In the study of government, nurses, teachers and others working in the ‘lower’ segments of the public and semi-public sector are known as street-level bureaucrats (Lipsky 1980/2010). In fact they have a triple identity. First, they are front-office workers, fulfilling their tasks in direct interaction with citizens as patients, pupils and in other roles. Next, they are public servants–in one way or another they are publicly employed. Third, they have been educated and trained to act as professionals, proud to do their jobs (Hupe 2019: 489-491).
Until a month or so these professionals in public service generally were looked at as petits fonctionnaires (Crozier 1955) and, in many respects, treated likewise. Their work, of a serving nature, was seen as of a secondary order. This goes even more for people working in cleaning, waste processing, distribution and transport. As far as these persons are publicly employed, they were seen as easy objects for financial cuts, with the latter often resulting in less jobs and lower income.
And then came the coronavirus. All of a sudden, the ‘lower functionaries’ became public heroes. They are championed as having ‘vital occupations’ while involved in ‘crucial processes’. Standing in front of the building, people are clapping their hands for the nurses, medical consultants, assistants and all others working in hospitals and care centres. Prime-ministers make an appeal on television to support all these marvelous people. The world now seems to be saved by those very street-levelbureaucrats.
All this is wonderful, of course. Let some of this novel view on what used to be largely invisible tough jobs be conserved in the future. Right now already, the broad public support should get the form of taking care of the people in these vital occupations. Nurses and doctors are desperately in need of face masks, gloves and other protective material. It is shameful to see aggressive competition rather than cooperation here–between hospitals, regions and even countries. Another way the ‘helping professions’ can be aided to fulfill their helping tasks, is to ask what they need for the organization of their work. Because of the corona crisis, some people are out of work. At the same time, here the mobilization of additional hands is required. Most of the people working in hospitals, nursing homes and other care institutions have reached the point of exhaustion.They need time for recovery and recuperation.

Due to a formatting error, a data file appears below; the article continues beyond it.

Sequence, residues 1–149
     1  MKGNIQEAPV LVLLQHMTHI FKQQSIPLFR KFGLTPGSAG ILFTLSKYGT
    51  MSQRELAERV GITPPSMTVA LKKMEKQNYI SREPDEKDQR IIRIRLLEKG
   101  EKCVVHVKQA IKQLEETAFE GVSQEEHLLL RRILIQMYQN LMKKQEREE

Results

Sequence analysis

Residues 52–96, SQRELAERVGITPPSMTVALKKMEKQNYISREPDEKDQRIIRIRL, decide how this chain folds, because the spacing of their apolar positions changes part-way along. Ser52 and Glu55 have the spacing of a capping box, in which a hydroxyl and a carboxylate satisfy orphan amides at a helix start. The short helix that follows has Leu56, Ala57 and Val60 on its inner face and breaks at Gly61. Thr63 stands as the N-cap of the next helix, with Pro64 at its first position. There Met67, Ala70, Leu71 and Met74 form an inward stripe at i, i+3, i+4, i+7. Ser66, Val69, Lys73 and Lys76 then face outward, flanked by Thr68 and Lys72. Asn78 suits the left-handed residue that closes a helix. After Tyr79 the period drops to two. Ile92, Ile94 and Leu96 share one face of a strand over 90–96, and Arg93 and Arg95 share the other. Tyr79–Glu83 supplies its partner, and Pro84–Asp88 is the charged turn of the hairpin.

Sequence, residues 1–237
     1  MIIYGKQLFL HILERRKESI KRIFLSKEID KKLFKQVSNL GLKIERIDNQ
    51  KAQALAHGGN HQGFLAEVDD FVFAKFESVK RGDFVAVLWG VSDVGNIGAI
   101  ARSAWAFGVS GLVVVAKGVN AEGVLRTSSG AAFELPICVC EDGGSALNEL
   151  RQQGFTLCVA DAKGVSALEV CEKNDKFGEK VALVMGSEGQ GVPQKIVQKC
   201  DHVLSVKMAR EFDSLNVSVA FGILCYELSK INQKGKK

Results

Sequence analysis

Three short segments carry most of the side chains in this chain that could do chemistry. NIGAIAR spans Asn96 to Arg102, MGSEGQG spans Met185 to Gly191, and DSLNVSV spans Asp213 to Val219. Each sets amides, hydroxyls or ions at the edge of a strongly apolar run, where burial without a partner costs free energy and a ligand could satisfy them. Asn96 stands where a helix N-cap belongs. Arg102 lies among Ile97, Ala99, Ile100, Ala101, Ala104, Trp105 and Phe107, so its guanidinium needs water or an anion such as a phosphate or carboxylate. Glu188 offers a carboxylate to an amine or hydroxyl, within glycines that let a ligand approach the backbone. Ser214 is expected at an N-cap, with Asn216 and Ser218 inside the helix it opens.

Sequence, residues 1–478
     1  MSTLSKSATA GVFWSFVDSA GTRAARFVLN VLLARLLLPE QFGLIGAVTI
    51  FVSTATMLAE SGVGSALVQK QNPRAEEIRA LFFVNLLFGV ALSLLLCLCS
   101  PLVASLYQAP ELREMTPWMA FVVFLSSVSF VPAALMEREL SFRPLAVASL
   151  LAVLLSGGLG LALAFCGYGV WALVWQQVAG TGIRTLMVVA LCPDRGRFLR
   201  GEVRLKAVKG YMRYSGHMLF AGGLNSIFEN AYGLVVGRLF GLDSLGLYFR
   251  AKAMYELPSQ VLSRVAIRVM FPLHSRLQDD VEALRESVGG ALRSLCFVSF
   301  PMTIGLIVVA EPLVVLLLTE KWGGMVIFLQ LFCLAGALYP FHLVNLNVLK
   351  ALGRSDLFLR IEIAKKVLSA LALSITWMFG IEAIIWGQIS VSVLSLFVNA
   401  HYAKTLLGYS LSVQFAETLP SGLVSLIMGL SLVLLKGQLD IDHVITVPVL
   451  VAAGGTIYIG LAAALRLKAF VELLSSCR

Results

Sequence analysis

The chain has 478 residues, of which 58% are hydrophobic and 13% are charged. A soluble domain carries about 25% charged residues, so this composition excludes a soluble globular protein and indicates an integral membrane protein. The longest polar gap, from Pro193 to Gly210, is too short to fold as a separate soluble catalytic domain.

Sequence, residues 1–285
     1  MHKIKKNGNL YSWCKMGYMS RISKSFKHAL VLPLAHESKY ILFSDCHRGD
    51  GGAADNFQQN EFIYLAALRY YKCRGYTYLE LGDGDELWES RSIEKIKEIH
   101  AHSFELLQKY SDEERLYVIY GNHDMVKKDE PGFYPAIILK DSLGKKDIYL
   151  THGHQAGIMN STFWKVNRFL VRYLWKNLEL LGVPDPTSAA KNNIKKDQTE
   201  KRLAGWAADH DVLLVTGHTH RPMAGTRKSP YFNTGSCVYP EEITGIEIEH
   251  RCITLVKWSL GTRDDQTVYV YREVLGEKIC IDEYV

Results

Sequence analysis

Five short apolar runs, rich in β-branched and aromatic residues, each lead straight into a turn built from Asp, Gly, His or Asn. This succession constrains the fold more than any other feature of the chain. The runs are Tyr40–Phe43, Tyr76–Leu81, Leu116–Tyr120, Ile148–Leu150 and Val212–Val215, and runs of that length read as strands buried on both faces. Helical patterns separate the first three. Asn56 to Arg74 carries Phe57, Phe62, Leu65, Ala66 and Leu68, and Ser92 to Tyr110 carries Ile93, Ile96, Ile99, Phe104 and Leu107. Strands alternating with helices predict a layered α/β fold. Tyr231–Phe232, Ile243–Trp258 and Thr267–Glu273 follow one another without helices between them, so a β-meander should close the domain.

Similar observations can be made for schools. They appear in this crisis as institutions more than ever crucial. Schools enable other people with vital occupations to do their work, in a role going beyond child minding. Most of all they show the essential functions they fulfil for raising youngsters in an appropriate educational environment. Teachers and school boards need material, like electronic equipment. Reflection on the post-corona lay out and infrastructure of school buildings and classrooms is desirable. Most of all, here as well, continued acknowledgement of what teachers mean for society is required.